Kenny issues cabinet 'diktat' to stop sniping over Budget
TAOISEACH Enda Kenny last night issued a "diktat" to ministers to stop talking in public about the Budget as tensions continued to simmer in the Coalition over public sector pay.
And Mr Kenny insisted higher paid public servants were not getting pay rises -- despite some of his own staff benefiting from salary hikes.
The Taoiseach issued his ultimatum to ministers at a Cabinet meeting in the wake of rows over changes to the Croke Park Agreement and doubts over promises on income tax and social welfare.
He was speaking after comments from ministers Leo Varadkar, Brendan Howlin and Pat Rabbitte. Mr Kenny did not single out any individual ministers in what was described by government sources as a "diktat to stay on message".
Speaking later at a press briefing on mortgage debt, Mr Kenny refused to say what he had told his ministers, but admitted the issue was discussed at Cabinet.
"I would never comment on what happens at a Cabinet meeting. We have a very difficult budget to prepare for and clearly every minister will be fully engaged in this process.
"And, as I said, the budget will not be drafted in public. It is the responsibility, constitutionally, of the Cabinet to deal with this," he said.
Mr Varadkar had kick-started a debate on the controversial public sector pay increments -- and irked the Labour Party by calling for the increases to be stopped.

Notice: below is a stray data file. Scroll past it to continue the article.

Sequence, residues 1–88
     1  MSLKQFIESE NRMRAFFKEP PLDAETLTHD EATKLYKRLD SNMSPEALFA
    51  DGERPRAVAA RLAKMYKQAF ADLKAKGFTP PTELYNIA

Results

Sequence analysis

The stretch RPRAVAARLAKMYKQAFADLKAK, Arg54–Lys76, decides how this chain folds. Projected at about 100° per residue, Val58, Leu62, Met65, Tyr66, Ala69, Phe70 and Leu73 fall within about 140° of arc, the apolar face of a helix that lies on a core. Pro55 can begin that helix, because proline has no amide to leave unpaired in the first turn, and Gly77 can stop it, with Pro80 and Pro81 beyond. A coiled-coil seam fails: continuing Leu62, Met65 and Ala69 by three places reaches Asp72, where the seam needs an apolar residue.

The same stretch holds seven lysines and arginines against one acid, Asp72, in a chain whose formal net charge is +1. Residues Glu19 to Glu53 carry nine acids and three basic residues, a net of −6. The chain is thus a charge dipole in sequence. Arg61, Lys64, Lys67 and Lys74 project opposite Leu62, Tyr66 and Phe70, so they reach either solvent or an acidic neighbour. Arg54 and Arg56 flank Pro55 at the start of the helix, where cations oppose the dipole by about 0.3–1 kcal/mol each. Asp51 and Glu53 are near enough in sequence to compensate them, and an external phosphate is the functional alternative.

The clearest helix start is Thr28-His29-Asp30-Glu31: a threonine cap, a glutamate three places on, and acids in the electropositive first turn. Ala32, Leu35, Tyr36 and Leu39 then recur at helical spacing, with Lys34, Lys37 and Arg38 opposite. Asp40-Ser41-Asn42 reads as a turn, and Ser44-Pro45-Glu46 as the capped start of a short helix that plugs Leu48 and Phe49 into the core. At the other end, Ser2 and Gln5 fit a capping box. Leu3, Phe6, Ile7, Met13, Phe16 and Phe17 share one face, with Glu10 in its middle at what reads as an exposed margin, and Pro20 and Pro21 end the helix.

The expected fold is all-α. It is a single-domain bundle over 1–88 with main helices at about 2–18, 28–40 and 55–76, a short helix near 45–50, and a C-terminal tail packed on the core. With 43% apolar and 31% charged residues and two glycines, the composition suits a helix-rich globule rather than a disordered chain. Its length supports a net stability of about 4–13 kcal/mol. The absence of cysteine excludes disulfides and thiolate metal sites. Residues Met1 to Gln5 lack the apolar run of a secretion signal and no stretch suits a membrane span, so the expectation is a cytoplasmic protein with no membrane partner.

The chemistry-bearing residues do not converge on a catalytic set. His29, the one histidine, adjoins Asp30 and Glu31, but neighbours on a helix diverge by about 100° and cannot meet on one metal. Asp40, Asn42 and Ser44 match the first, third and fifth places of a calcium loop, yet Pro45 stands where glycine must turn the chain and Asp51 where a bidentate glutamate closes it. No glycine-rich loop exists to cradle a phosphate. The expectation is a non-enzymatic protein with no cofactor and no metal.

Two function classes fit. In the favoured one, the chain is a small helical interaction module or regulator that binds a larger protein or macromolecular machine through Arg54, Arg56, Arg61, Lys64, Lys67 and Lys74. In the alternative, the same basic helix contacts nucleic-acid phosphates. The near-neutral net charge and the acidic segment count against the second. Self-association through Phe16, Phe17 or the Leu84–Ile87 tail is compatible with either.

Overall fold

This, he said, would save up to €200m.
Mr Kenny's own private staff, who he personally appointed, and some of whom are on salaries of more than €100,000, are among those getting the pay increments.
Official figures show almost 3,000 senior civil servants earning over €70,000 will be paid increments this year.
Mr Kenny's own spindoctors are among the politically-appointed staff in his office who got increments this year.
At least 13 of the Taoiseach's staff got the pay rises amounting to over €31,000.
The Taoiseach's own press adviser, Government Press Secretary Feargal Purcell, is an example, as it emerged last week he got a pay rise of €3,500 this year, bringing his salary up to almost €120,000.
Yet when asked by Independent TD Shane Ross if public servants paid more than €100,000 are being paid increments, Mr Kenny claimed they weren't.
"As I understand this those at the very top do not get increments. There may well be those who are in line for promotion instead of long service increments in some sectors," he said.
The Government Press Secretary said Mr Kenny was possibly referring to civil servants at the top, such as secretaries general, who are not paid increments.
"The facts are certain people earning over €100,000 did earn an increment. I don't think there was any intention to mislead," the spokesman said.
Figures from the body in charge of implementing the Croke Park deal say 2,776 senior civil servants being paid between €70,000 and €150,000 are entitled to increments this year.
Mr Ross called on the Taoiseach to ensure people who are getting "so much money at times of austerity" will be targeted and will have the increments removed when the review of the Croke Park Agreement comes up.
Mr Kenny said the Government had received an independent report on the agreement and this would form part of a "prospectus".
The Taoiseach said the budget for next year will not be finalised in public but a recent review of the Croke Park Agreement will form part of the discussions.